It is by no means a stretch to say that the English language is an endless joy for me. Words buzz through my head daily, leaving a continuous appreciation for the Bard and his ilk. However, it must be extremely difficult for a first-timer staring at the language puzzle of “there is a head on the road ahead” and other such peculiarities.
I love the fact that we sometimes call a jail “the clink,” which was a prison owned in ninth-century England by the Bishop of Winchester. The name might have come from the sound of an iron door closing, but that is just one of many theories. It was eventually burned during the so-called Gordon Riots in 1780 and never rebuilt. But for an ESL student, it must all be bewildering to say the least.
If anyone is asking, the word “foster” makes my blood run cold, and I do not mean children, bless ’em. No, I refer to my wife, Kitty, and her need to foster animals in our once-beautiful house.
This would be the one and only area that I and our frightful cats, Bertram and Pericles, are in agreement. No outsiders, please. Why not simply tootle over to the very nice SPCA, fling money through the front door and retire to the club for a cold one? You cannot miss the SPCA, for that is where all the noise and odour is coming from, although our humble home will soon join its ranks.
Kitty is not someone who does anything by halves. She appeared the other day in the foyer of our pile in Rockland with — and I am serious — nine dogs. They were of every shape and size, pulling in all directions at once and bellowing to beat the band. She was somehow still upright, holding the leashes that had started to encompass her in her struggles.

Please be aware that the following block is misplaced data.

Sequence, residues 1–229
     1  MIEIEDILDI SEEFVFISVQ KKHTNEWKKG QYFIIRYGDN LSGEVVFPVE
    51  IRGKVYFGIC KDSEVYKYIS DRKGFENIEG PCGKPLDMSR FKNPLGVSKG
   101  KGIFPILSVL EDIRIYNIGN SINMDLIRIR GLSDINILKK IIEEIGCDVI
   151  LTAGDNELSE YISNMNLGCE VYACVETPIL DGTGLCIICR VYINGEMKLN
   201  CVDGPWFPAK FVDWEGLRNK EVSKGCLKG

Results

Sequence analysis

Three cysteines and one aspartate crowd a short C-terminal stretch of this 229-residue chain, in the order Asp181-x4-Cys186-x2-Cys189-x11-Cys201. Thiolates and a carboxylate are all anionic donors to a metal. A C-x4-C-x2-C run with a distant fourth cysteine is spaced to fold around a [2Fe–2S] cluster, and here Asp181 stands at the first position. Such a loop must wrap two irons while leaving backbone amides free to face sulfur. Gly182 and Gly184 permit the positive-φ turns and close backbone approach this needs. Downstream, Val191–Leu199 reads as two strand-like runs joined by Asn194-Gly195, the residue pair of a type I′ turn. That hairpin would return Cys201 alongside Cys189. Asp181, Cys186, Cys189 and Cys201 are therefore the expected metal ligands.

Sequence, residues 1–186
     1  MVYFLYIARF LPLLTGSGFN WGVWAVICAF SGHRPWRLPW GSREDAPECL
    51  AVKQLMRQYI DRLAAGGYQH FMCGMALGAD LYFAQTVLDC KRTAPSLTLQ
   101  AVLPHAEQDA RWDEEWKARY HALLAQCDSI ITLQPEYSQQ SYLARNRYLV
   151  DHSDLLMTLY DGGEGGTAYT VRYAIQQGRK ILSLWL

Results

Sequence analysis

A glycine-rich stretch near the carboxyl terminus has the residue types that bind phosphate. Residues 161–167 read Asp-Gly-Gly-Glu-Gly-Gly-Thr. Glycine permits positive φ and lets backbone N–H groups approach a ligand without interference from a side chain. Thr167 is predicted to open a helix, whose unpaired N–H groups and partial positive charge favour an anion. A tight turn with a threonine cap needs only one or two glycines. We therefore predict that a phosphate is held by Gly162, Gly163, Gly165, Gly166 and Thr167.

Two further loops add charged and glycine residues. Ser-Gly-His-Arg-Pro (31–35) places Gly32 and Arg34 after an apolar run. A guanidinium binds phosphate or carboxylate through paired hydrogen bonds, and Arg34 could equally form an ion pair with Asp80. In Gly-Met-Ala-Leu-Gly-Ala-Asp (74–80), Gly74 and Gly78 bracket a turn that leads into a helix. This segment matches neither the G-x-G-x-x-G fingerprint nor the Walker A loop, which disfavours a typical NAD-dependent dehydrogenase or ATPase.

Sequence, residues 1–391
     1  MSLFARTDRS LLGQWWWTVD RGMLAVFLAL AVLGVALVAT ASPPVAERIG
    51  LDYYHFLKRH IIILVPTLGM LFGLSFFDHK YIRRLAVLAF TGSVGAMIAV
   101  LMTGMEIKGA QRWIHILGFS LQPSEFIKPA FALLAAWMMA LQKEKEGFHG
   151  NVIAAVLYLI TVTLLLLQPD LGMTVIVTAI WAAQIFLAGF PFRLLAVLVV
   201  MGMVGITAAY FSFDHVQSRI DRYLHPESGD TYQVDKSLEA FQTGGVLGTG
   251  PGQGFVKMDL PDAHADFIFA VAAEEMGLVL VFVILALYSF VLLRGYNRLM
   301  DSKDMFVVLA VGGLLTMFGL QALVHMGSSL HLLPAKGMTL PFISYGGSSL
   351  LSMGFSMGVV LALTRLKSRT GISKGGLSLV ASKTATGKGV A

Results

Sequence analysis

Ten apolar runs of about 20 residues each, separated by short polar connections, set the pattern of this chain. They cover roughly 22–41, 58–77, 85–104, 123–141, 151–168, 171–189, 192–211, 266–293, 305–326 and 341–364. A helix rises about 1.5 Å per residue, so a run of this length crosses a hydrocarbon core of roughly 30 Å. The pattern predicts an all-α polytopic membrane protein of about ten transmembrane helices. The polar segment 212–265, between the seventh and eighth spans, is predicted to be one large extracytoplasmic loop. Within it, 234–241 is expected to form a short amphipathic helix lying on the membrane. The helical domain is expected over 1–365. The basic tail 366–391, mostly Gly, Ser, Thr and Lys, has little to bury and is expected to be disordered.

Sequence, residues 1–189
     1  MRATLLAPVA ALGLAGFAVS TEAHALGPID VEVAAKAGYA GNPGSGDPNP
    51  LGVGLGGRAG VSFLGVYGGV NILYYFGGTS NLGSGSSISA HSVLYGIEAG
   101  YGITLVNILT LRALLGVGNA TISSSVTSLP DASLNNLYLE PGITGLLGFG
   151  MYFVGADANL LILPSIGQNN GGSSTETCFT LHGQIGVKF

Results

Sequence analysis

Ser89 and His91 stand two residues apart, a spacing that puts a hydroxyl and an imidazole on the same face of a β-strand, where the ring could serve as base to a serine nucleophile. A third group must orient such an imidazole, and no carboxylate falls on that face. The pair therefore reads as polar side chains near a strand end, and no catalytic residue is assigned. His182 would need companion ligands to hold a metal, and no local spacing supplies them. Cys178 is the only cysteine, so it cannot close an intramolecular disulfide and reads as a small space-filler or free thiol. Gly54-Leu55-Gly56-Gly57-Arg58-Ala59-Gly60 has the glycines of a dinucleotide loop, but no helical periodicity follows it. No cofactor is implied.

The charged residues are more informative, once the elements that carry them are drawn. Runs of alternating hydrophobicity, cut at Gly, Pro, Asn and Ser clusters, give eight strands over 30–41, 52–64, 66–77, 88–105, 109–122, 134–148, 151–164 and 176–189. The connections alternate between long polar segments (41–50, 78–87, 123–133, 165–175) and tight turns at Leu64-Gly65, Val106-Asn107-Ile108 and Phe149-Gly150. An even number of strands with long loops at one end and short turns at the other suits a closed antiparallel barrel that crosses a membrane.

I felt a large movement of air behind me as our leviathan-like cats went up the stairs with their bowls firmly held between jaws, as they wanted nothing to do with this new bedroom community and were prepared for a long siege from the safety of my study.
Now normally, no cat in Christendom would be caught in the sanctity of my quiet room, filled with books for the ages, as I would have flung them from my sight in a trice. However this was an exception, for I needed like-minded allies, albeit ungrateful 40-pound cats.
I slowly started to back up the stairs, but the cats’ flight had caught the attention of the orchestra row of hounds, who were passing on this newfound intelligence to those in the mezzanine. Soon, all the pointy and bumpy foreheads were focused on the stairs behind me, and after a short union meeting amongst them, they started to move as one towards yours truly.
I threw my cane at them, followed by my plaid slippers, before sprinting for the second floor and my study. Unfortunately, my wife was still wrapped up in the nine colourful leashes, so the rush of dogs in one direction had the effect of pinwheeling her through the unopened french doors to the garden.
I could not stop to see the results of a large woman covered in glass twirling towards a privet hedge, for the cats, with bulging eyes, were holding the door to my study ajar at the top of the colonnade.
We achieved a routine, the cats and I, during the past three days, of sharing the meagre amount of food available: ancient animal crackers found between Blake and Byron and feline kibble. It must do, I suppose, for we will not come out until a sense of normalcy once again descends upon the house. Next time, there should be a vote. It is too much. I plan to write to city hall about my living conditions, as the air is becoming fetid.
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